Ohio’s “truth” laws and the Susan B. Anthony List trial

A federal court recently ruled that a defamation suit filed by former Ohio Rep. Steven Driehaus against the Susan B. Anthony List can move to trial.

Former Rep. Driehaus sued SBA List alleging that billboards they provided during campaign season claiming that he voted in favor of taxpayer-funded abortions constituted defamation and led to a “loss of livelihood.”  Representative Driehaus considers himself pro-life, but voted in favor of the federal health care overhaul which, according to SBA List, did not include provisions explicitly prohibiting taxpayer-funded abortions.  SBA List’s claim against Driehaus stems from a study by the US Conference of Catholic Bishops, which also took the stance that the bill did not provide adequate measures to prevent certain insurance pools with access to federal funds from paying for abortion services.  Driehaus claims that current statutes and an executive order fully prevent taxpayer money from going towards abortions, which SBA list disputes.

The complaint made it to the Ohio Elections Commission, which concluded that there was probable cause that SBA List violated Ohio’s draconian false statements law.  For those of you who do not live in Ohio, it may seem odd that a state panel exists for determining the validity of campaign ads.  In some regards, the panel is similar to FactCheck.org.  The panel, however, has the ability to threaten citizens with fines and criminal charges if they don’t toe the government line on their version of the “truth.”Although he ultimately dropped the complaint, Driehaus then filed a defamation suit.Emily Buchanan, the executive director of SBA list, made this statement to Fox News:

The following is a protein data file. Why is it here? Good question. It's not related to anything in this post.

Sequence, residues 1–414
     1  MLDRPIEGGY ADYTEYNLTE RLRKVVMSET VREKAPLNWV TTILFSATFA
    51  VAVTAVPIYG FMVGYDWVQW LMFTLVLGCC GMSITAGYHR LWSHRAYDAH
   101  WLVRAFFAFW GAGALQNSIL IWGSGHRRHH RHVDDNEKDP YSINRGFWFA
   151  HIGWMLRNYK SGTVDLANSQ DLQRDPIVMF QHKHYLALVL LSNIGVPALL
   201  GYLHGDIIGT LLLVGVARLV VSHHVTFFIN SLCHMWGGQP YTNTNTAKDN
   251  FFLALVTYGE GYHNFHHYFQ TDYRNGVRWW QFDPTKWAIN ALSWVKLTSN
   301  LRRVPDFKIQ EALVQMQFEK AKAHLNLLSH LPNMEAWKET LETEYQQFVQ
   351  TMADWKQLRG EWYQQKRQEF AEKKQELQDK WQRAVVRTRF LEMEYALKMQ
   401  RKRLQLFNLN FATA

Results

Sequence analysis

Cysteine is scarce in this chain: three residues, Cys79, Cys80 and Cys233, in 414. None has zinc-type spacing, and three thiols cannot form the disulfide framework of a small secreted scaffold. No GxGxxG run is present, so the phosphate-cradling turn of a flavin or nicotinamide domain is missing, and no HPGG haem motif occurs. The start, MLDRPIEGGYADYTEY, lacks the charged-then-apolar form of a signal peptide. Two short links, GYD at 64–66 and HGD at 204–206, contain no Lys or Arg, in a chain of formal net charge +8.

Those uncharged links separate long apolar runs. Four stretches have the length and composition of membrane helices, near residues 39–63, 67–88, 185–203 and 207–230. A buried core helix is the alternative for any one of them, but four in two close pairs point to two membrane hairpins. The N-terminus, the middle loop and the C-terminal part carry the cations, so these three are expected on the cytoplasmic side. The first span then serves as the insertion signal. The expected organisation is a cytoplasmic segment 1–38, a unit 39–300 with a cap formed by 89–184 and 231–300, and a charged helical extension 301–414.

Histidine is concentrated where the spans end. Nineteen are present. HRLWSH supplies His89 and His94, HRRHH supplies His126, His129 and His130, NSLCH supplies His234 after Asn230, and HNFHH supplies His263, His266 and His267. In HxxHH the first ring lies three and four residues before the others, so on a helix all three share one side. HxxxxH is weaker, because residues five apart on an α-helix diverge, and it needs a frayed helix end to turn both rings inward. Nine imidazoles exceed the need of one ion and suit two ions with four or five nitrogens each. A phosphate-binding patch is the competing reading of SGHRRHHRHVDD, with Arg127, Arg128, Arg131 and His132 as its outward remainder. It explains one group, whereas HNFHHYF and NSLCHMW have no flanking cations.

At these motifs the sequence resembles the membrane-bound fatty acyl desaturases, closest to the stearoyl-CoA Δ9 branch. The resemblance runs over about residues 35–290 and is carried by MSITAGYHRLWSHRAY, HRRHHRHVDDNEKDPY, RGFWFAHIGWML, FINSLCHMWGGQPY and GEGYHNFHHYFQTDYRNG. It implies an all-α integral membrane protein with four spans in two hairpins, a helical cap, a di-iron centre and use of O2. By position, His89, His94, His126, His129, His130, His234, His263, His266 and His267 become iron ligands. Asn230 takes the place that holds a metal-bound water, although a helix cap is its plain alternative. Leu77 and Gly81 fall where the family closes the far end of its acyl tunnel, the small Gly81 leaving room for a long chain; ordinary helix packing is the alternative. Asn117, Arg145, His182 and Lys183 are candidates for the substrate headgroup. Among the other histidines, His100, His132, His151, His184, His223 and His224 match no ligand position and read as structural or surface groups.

“The claim of defamation is outrageous. Driehaus is a public official, and we should be able to criticize him,” she told FoxNews.com. “And all of this debate should be taking place in the public square. A court or a judge should not be determining” a dispute over abortion policy. 

As a public figure, Driehaus had the means to defend himself from criticism he may have viewed as misleading.  Driehaus’ complaint should never have made it this far; after all, what is the point of having the First Amendment when state law mandates that it only applies when making government-approved statements?  Politicians have the luxury of a public forum to convince people of their particular version of the “truth” and to explain claims made by their opponents.  However, that forum should not include “truth-panels” and the courts. 

 

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